Friday, January 18, 2008

Farmers fear a barnyard Big Brother

As if there aren't enough ways that government and/or big business have found to creep into our lives, monitor our movements, trace our transactions, and listen to our phone calls! Now they want to chip animals and have small farmers report nearly everything that happens to them.

I'm talking about - and this isn't a joke - the Bush administration's "National Animal Identification System" initiative. This proposal to "chip" animals with RFID tags isn't just an invasion of privacy (as will be explained), it also would achieve an additional goal of the administration: provide an even greater advantage to agribusiness at the expense of family farms. See, big industrial farms would only have to track herds, not individual cattle...unlike small farmers who'd be forced to track each and every one...a HUGE pain, and cost.

Have you ever heard of a more unholy alliance than big agribusiness and the rapidly expanding surveillance industry???

It's not often that I come across proposals this lousy. I'll let Nicole Gaouette of the Los Angeles Times do the heavy lifting here and explain this rather diabollical initiative, and then below this Times piece is a much more hard hitting critique offered by longtime populist, and family farm advocate, Jim Hightower.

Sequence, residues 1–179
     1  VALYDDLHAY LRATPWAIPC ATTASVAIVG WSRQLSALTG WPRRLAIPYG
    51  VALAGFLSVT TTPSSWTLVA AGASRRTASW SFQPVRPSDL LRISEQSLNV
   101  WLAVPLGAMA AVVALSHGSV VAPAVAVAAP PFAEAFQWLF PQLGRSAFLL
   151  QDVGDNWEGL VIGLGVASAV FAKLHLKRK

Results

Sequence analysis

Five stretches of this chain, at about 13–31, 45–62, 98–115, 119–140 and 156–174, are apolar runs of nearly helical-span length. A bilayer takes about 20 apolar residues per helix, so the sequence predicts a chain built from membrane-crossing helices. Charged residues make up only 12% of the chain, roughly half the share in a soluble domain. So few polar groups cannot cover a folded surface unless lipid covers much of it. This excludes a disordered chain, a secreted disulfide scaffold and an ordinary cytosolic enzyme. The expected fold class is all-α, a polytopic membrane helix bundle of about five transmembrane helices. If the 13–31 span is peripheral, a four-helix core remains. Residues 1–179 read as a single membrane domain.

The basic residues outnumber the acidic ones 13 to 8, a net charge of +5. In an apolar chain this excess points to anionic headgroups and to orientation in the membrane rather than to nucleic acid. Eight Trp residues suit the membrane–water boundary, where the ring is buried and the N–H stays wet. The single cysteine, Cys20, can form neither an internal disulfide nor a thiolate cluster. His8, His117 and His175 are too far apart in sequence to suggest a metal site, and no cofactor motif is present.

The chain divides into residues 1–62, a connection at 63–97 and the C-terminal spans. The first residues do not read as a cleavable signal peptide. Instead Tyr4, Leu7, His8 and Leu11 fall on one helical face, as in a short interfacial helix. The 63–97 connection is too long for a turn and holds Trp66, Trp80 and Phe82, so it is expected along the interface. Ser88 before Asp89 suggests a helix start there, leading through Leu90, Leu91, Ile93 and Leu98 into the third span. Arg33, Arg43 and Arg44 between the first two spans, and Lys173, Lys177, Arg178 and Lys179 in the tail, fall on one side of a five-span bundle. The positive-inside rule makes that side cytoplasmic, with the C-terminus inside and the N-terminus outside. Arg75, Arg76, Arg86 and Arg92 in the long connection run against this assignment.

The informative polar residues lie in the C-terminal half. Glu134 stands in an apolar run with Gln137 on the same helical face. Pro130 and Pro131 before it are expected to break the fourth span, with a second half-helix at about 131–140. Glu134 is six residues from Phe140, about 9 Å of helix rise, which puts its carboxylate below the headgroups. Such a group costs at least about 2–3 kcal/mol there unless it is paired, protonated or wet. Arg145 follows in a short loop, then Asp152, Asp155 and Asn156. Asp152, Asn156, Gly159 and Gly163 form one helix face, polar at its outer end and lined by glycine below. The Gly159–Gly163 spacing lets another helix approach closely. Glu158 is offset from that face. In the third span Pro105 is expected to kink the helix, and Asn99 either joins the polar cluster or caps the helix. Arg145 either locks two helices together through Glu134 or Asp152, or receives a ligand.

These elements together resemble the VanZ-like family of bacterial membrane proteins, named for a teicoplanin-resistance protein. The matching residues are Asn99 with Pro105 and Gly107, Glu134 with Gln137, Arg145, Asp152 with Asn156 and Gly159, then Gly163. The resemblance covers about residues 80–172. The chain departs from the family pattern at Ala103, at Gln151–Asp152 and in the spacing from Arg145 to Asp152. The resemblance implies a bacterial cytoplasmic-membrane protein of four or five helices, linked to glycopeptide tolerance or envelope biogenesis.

Nicole Reports:

A Bush administration initiative, the National Animal Identification System is meant to provide a modern tool for tracking disease outbreaks within 48 hours, whether natural or the work of a bioterrorist.

Most farm animals, even exotic ones such as llamas, will eventually be registered. Information will be kept on every farm, ranch or stable. And databases will record every animal movement from birth to slaughterhouse, including trips to the vet and county fairs.But the system is spawning a grass-roots revolt.

Family farmers see it as an assault on their way of life by a federal bureaucracy with close ties to industrial agriculture. They point out that they will have to track every animal while vast commercial operations will be allowed to track whole herds. Privacy advocates say the database would create an invasive, detailed electronic record of farmers' activities.

...despite the administration's insistence that the program is voluntary, farmers and families, such as the Calderwoods, chafe at the heavy-handed and often mandatory way states have implemented it, sometimes with the help of sheriff's deputies. The result is a system meant to help farms that many farmers oppose.